In the spring of 1931, Woytinsky proposed an international program to end the economic crisis. To begin with, he asserted the idea that Brüning's deflation policy was only making the crisis worse. He wrote a number of articles about this, and in 1931 he published a book, in which he pointed out the qualitatively new character of the worldwide economic crisis, whereby the so-called automatic capitalist mechanisms no longer functioned, but whereby only anti-deflation measures could be agreed upon by consenting nations, thereby making it possible to increase purchasing power. And this additional purchasing power would have to be applied productively, i.e., put toward the creation of new jobs in public projects.
Woytinsky harshly attacked the mania for cutting wages and social services (today we could call it the "Eichel-cutting mania"), and on March 9, 1931 there was an executive board meeting of the ADGB, at which Fritz Tarnow, chairman of the Woodworkers Union and ADGB plenipotentiary for job-creation programs, along with Wilhelm Eggert, called for an international program to end the world economic crisis.
Woytinsky published his first major articles in June 1931, in the theoretical journal Die Arbeit, where he pleaded with the ADGB to adopt an active economic policy. He wrote:
"Labor organizations that rely on the self-healing forces of the capitalist economic order, run the risk of slowly bleeding to death. For some years now, Germany's working people have been waging a difficult, defensive struggle, and the worse the crisis becomes, the more unfavorable the conditions will become under which that fight is waged. Our labor organizations have lost their freedom to maneuver; no longer can they choose either the time or the objective of their conflict with the adversary. They are forced, each time, to fight whenever and wherever it best suits the other side....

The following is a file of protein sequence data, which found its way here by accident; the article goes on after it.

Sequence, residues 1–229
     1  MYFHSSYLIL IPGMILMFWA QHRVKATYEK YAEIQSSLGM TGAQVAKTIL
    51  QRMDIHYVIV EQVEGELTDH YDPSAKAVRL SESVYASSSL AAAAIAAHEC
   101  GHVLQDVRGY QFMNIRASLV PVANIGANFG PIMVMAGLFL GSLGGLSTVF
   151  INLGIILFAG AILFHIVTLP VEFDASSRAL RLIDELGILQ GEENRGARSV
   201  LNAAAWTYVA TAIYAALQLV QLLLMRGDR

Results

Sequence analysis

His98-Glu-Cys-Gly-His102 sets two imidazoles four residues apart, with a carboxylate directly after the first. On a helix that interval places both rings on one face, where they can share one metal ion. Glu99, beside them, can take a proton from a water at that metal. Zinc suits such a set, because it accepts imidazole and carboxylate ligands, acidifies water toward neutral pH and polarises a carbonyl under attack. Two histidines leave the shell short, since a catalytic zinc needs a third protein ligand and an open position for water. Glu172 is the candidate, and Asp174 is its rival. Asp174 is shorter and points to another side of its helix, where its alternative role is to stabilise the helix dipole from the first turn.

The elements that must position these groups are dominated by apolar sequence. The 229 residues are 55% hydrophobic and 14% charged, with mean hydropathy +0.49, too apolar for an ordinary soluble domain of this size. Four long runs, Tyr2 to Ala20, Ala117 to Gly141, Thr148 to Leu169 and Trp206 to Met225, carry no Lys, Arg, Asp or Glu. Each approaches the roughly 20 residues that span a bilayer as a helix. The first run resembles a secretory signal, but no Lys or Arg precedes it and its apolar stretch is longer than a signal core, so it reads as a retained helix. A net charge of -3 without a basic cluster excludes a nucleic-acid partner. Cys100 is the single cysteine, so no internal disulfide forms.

"Targetted, far-reaching measures to revive the economy have never been more necessary than they are right now. The labor movement needs an economic-policy action program, which can show workers and other layers of the population, that the Social Democracy and the trade unions see a way out of the economic abyss. But at present, we have no economic-policy action program; all that we have, is a list of social demands, which we try our best to get adopted. We have definite positions on assorted individual economic policy questions. But a program, this we don't have!"
He then demands that the ADGB take a proactive stance on economic policy—i.e., instead of a passive "meteorological" attitude of mere observation, an active attitude such as in the practice of medicine, whose task is to heal the sick, to reduce suffering, and to halt the spread of disease; and economic research ought to be guided by similar objectives. There must be "factors brought into play, which will spur every entrepreneur to expand their field of economic activity. In accordance with this, we must explore opportunities to complement inadequate economic initiatives taken by private firms, with public job creation." Agreements must be made among nations for increasing purchasing power. What is required, is a creative offensive, and not merely defensive skirmishes.
To counter the argument that such an active intervention would be inflationary, Woytinsky wrote:
"But, on similar grounds, in the treatment of a serious, life-threatening illness, one would rule out the administration of a medicine, solely because it is a poison. The physician, however, does not hesitate to use various poisons as medicines.... If the physician had to renounce all use of poisonous substances as medicines, he would be condemned to the same impotence as that of an economic policy which, out of fear of inflation, rejects all anti-deflationary measures out of hand."
And thus the only remaining option is an active conjunctural policy which takes on the worldwide economic crisis. And therefore, a worldwide economic policy is required.
He writes: "All nations are suffering because the world economy is sick. Therefore they must all concentrate their powers upon taking joint action to overcome the world crisis." Today, we would call this the Eurasian Land-Bridge.
In Point 3 of this action program, he writes: